Adam Grant could possibly be the new best friend for anyone passionate about the #MeToo movement. Well, if not him, then at least his book, the wonderfully insightful Originals. In the concluding chapter of his book, aided by a couple of deeply thought provoking examples, he lays out the blueprint for a long lasting revolution. None more impactful than the story of Serbian activist Srdja Popovic, who had masterminded the downfall of their dictator Slobodan Milosevic.
Brave victims, empathetic caregivers, driven activists and even passive onlookers of the pervasive, painstaking MeToo movement should take to heart Grant’s single most important line in that chapter – “To channel anger productively, instead of venting about the harm that a perpetrator has done, we need to reflect on the victims who have suffered from it.” He writes elsewhere, “Venting doesn’t extinguish the flame of anger; it feeds it.” Grant also makes an oft-ignored demarcation – being angry for someone will result in more justice than being angry at someone. Not for a moment does Grant suggest that the perpetrators be given undue impunity. Rather, the excision of societal weeds must begin by sowing the seeds of well-directed, controlled aggression. That was the story of Serbia, the story of Popovic.
Popovic had the foresight and astuteness to know that direct, overt confrontation of Milosevic would only result in unfortunate loss of life and fleeting scents of emancipation. In order for the people of Serbia to breathe the air of freedom for a lifetime, he realized that the spotlight had to be switched onto the unfortunate plight of the victims of Milosevic’s tyranny. A case in point – on New Year’s Eve at the turn of the millennium, Popovic organized a concert where dirge-like songs were played. And in a dramatic move, he had all the lights switched off and then proceeded to flash on a giant screen gut-wrenching images of Serbian police personnel and soldiers who had lost their lives in the struggle against Milosevic. Not one image was of Milosevic himself.
For the MeToo movement to cause sweeping changes in written laws as well as unwritten rules across professions in favor of victims, it is imperative to first respect the sensitivity and privacy of the victims. The mother of singer Chinmayi – one of the leading voices of MeToo in India – made a telling point in an interview that while she truly believes in the value of the movement, she is simultaneously opposed to the “washing of dirty linen in public.” At first glance, the two might seem contradictory. After all, for the movement to succeed requires great fortitude on the part of the hitherto oppressed subjects to come out with difficult truths involving personal, sensitive details. But the point she makes is that more women and men who have been subject to harassment and humiliation should come out and share their stories. But what should be dwelled on in public – oh, the media would hate this! – should not be the sordid details of their encounters with coercive demons. And instead, their hurt must be registered, their voice heard and the movement be propelled in the direction of safe environments for women and men to flourish without pressure or fear. For all the trauma undergone by their family, Chinmayi’s mother also vocalizes her contempt for people’s urge to slap a perpetrator more than using that hand to hold the hand of a sufferer. The punishment of the offender would then come as a byproduct of this movement, not the primary goal. Clearly, great minds – be it in Serbia or South India – think alike!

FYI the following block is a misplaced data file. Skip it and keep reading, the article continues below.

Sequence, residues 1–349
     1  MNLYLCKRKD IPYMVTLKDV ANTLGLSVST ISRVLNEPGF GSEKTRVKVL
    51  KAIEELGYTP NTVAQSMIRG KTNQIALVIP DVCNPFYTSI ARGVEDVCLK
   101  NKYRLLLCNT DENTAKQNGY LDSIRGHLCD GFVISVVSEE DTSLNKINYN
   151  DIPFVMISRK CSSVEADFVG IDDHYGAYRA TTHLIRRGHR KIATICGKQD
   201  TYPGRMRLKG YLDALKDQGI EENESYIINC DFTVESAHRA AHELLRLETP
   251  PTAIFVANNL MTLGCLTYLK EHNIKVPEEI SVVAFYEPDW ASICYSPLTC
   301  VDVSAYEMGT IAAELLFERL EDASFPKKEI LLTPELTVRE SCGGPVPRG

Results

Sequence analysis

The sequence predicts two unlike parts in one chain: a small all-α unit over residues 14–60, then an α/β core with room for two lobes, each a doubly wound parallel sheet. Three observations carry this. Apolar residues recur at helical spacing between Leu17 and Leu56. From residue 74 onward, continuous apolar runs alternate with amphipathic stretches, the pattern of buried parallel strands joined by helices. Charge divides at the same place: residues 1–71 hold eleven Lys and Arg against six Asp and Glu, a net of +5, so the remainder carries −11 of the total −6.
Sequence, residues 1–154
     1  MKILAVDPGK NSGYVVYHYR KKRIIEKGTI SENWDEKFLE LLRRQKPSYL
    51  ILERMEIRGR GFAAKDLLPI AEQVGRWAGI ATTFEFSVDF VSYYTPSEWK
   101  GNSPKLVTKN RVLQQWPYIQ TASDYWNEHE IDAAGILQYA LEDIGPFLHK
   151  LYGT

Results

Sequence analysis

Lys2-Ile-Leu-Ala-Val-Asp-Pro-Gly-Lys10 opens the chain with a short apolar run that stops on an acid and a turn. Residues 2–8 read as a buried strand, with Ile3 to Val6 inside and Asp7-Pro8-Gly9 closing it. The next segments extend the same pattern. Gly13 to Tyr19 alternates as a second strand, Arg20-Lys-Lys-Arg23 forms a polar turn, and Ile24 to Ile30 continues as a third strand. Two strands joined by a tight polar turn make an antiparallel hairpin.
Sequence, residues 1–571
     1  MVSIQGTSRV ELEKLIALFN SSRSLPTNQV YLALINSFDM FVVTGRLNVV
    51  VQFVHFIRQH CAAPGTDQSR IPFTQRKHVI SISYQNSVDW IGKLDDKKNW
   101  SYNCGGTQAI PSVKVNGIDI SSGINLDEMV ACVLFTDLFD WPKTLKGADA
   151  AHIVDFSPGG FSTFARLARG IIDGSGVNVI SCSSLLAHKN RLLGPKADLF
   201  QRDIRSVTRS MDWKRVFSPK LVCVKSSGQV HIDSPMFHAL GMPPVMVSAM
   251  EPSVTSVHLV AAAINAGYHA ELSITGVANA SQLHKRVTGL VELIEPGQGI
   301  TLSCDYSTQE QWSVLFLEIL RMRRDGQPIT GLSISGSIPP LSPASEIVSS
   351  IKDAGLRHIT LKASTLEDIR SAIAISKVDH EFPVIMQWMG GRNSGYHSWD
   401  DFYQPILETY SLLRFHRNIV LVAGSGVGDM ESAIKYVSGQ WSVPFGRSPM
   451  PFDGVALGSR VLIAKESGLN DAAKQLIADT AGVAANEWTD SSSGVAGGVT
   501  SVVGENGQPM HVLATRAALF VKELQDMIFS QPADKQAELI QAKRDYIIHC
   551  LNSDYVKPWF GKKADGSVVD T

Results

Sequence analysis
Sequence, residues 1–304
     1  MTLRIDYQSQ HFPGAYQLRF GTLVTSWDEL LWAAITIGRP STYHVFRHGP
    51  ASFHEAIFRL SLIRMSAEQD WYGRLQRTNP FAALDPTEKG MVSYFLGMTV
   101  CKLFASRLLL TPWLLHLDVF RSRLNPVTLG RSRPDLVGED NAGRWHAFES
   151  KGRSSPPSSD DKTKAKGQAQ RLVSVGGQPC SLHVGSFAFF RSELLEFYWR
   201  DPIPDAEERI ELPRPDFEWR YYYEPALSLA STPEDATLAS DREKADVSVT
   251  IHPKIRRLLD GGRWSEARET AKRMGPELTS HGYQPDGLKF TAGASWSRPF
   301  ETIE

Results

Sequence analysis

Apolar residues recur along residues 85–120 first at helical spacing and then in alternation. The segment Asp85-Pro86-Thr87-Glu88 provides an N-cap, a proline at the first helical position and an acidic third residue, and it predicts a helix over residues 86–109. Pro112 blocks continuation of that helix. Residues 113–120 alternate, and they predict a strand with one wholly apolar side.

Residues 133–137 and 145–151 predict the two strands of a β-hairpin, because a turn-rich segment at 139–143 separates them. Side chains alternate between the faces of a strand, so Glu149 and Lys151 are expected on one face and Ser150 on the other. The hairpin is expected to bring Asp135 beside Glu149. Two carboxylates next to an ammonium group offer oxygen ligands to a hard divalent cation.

Another golden nugget actually mentioned in a footnote in the chapter is on catharsis. Grant writes of how in the wake of 9/11, the efforts of counselors to get trauma victims to purge and express their grief proved counterproductive. He writes about how vocal expression of grief tends to have a more soothing effect on a suffering soul once sufficient time has elapsed from the time of the distressing event in question. This is important for MeToo supporters and caregivers. Too often we have, with the best of intentions, the urge to rush people into catharsis when a bit of time would actually help heal wounds. The way I see it, our quiet, tacit empathy could be the calming anesthesia that victims need before they put themselves through the painful yet necessary scalpel of detailed, sometimes disturbing reflection. It is also a reason the media and celebrities alike must not scoff at the time that it takes for victims to come out with details of their depressing experiences.
Grant ends the book with some truly inspirational lines on Originals – that they “embrace the uphill battle, striving to make the world what it could be” instead of settling for what the world has given us. Let us respect, applaud, support and above all, listen empathetically to the voices of pain. As Popovic so ably demonstrated, the collective voices of pain have the power to silence people in positions of power more so than a philippic ever can. And by the way, he wrote a book too – Blueprint for Revolution!
Reference: Adam Grant’s Originals – the final chapter titled, “Rocking the Boat and Keeping it Steady.”